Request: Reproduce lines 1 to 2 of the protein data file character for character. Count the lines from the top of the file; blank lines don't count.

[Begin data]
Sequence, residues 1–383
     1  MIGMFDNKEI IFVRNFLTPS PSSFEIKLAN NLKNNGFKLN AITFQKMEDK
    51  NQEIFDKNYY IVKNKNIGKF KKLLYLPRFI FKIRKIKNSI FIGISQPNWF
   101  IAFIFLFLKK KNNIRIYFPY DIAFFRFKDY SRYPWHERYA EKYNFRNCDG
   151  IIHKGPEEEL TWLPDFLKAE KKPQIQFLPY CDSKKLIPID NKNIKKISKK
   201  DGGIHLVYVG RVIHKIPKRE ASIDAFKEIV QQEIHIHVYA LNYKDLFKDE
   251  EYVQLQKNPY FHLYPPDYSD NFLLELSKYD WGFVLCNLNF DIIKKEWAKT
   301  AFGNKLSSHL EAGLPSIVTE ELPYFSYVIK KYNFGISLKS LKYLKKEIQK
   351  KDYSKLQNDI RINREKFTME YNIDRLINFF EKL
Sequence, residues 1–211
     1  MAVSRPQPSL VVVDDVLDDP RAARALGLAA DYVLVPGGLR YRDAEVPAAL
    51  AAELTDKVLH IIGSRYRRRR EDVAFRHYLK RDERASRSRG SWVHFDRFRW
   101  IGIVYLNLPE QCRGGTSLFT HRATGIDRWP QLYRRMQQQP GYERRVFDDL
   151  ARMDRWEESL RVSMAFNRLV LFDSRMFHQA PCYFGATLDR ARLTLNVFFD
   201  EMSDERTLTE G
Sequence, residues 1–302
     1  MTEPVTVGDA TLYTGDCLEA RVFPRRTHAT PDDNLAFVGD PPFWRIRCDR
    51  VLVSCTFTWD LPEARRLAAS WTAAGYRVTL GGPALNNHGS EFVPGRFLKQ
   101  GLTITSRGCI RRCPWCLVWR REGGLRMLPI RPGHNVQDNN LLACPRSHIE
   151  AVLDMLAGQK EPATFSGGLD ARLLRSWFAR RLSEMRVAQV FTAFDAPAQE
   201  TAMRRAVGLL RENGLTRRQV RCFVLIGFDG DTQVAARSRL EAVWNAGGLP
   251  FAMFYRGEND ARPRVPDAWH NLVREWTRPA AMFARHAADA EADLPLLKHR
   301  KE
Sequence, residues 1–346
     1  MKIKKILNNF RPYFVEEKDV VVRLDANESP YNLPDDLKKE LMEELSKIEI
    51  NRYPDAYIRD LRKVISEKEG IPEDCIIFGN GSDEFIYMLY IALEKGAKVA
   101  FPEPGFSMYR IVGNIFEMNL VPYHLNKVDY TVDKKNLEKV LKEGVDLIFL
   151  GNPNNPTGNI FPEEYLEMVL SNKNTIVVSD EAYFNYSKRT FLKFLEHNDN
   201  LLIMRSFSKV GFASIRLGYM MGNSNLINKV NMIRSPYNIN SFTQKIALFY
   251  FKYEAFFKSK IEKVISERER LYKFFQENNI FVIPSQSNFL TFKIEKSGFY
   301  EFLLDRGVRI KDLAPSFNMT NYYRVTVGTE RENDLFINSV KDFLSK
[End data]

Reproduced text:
Sequence, residues 1–383
     1  MIGMFDNKEI IFVRNFLTPS PSSFEIKLAN NLKNNGFKLN AITFQKMEDK